"If you look at the stems, they're sort of dancing."  Will Ryman

Walking down Park Avenue is never comfortable for me.  The avenue is staid and stately, and I am not.  For the next three months, I can let myself go and have some FUN on the avenue.  Will Ryman's "Roses" installation is about humor, color and celebration.

Photo by Phyllis Odessey. Copyright 2011 Phyllis Odessey
The longest stems are 25 feet above street level.  1-2 ft. beetles, bees, ladybugs and aphids crawl up the stems.

Photo by Phyllis Odessey. Copyright 2011 Phyllis Odessey 
Photo by Phyllis Odessey. Copyright 2011 Phyllis Odessey
The Roman Emperor Nero showered his guests with rose petals, in the same vein, Ryman has sprinkled his petals up Park Avenue.  I especially like this touch:  deconstructing his own sculpture.

The view up Park Avenue
Photo by Phyllis Odessey. Copyright 2011 Phyllis Odessey
Oldenburg said "My monuments are obstructions, but so is the Arc De Triomphe...traffic has to go around it."  Ryman's "Roses," are not barriers, but ornaments on the fingers of Park Avenue.

There is nothing more difficult for a truly creative painter than to paint a rose, because before he can do so he has first to forget all the roses that were ever painted."  Henri Matisse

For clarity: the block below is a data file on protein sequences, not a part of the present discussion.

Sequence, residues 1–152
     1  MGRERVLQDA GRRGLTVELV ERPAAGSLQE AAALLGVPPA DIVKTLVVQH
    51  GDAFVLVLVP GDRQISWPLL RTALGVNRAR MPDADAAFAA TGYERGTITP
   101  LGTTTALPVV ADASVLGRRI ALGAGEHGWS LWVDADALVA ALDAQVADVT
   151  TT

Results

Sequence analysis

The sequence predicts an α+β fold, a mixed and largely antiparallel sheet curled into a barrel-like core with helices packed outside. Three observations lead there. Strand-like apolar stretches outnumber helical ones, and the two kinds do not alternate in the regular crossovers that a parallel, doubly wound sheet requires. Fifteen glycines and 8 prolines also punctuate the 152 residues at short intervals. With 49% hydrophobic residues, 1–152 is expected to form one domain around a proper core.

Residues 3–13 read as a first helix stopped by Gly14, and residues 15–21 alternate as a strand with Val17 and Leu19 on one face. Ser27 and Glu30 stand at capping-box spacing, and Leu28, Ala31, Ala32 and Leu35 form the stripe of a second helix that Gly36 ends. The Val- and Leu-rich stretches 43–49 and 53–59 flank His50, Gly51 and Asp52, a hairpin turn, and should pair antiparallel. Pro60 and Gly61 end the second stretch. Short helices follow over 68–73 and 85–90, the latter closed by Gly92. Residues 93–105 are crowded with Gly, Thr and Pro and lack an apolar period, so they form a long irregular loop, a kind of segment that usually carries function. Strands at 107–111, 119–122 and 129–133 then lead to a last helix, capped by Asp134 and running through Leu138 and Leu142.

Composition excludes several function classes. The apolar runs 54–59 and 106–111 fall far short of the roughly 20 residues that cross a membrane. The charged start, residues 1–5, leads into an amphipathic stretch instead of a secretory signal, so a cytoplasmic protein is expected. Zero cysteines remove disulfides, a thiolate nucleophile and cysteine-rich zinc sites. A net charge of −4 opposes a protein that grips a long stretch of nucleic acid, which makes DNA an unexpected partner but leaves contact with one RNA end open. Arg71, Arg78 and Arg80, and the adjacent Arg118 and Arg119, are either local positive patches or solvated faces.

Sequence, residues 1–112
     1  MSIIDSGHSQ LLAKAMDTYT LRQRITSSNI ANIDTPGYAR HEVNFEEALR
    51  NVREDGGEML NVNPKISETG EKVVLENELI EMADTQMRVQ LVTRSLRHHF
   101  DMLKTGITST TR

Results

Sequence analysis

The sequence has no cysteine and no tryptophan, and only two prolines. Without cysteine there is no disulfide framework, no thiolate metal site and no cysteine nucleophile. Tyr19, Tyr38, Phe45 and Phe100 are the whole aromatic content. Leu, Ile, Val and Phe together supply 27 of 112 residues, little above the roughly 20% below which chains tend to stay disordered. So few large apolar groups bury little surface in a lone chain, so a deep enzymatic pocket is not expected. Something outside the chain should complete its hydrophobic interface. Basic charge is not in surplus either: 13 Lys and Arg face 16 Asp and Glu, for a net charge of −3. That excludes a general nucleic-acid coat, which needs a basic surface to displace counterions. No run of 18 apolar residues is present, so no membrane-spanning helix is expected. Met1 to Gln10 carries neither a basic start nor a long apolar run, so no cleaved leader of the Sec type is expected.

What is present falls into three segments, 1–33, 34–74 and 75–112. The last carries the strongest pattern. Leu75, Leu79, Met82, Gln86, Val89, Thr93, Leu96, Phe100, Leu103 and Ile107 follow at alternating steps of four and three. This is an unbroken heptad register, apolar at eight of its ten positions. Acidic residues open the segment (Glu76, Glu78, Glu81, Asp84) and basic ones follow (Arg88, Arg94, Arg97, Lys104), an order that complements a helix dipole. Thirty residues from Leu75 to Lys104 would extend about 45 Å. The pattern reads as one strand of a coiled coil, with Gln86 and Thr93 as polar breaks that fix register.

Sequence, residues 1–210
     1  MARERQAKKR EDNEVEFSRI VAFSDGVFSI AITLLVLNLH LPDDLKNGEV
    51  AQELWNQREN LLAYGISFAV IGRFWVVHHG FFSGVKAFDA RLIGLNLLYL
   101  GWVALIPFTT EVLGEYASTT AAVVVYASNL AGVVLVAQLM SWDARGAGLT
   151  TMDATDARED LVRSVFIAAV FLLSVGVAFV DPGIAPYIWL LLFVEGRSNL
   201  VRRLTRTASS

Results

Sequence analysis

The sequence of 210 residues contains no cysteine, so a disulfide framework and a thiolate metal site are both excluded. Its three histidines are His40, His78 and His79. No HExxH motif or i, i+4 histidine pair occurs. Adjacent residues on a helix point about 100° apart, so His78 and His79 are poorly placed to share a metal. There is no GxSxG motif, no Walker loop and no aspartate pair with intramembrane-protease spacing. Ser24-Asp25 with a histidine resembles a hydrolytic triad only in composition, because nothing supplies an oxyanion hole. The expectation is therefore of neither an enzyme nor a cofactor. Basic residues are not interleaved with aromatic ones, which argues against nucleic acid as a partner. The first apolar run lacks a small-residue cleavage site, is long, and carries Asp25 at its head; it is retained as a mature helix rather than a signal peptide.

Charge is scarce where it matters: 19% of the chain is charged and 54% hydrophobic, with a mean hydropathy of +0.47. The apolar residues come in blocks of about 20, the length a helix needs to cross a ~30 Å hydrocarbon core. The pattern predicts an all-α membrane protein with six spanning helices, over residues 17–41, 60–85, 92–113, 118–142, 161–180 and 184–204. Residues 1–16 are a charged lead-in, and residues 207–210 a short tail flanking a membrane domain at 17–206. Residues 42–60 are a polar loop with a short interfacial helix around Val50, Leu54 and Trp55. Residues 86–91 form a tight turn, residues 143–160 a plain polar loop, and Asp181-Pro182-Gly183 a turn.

A few fun facts about the rose:
1.  The Rose is the official flower of New York State.
2.  French explorer Samuel de Champlain brought the first cultivated rose to North America
3.  The oldest representation of the rose:  a fresco in Crete 1450 B.C.

4.  The first patent ever registered for a plant was a hydridized rose.

All photos in this blog by Phyllis Odessey.  Copyright 2011 Phyllis Odessey.

Jan 20, 2011

"The way I work
is the way I cook."
Michael Van Valkenburgh

Plant Collage a la Michael Van Valkenburgh by Phyllis Odessey

Michael Van Valkenburgh
New York Botanical Garden
Annual Winter Lecture Series
January 20, 2011

 "I am going to reveal the inner plant geek
that lives in and has been part of my life."
Michael Van Valkenburgh
I sat up and took notice.  Van Valkenburgh began by describing his childhood growing up on a diary farm in Upstate New York.  The importance of childhood memories no one can deny, but dividing the insiders from the outsiders was something new.  "What vibrates in my memory is the world outside." 
Van Valkenburgh started with Teardrop Park as a way of introducing his ideas about change and disturbance.  The client wanted to evoke the wild landscape of New York State within 2 acres of dark urban space.  The rock tunnel, a signature element in the park, was based on the arches designed by Olmsted in Central Park.  You actually have to go to Teardrop Park (if you can find it) to experience the different landscapes that are packed into this small space.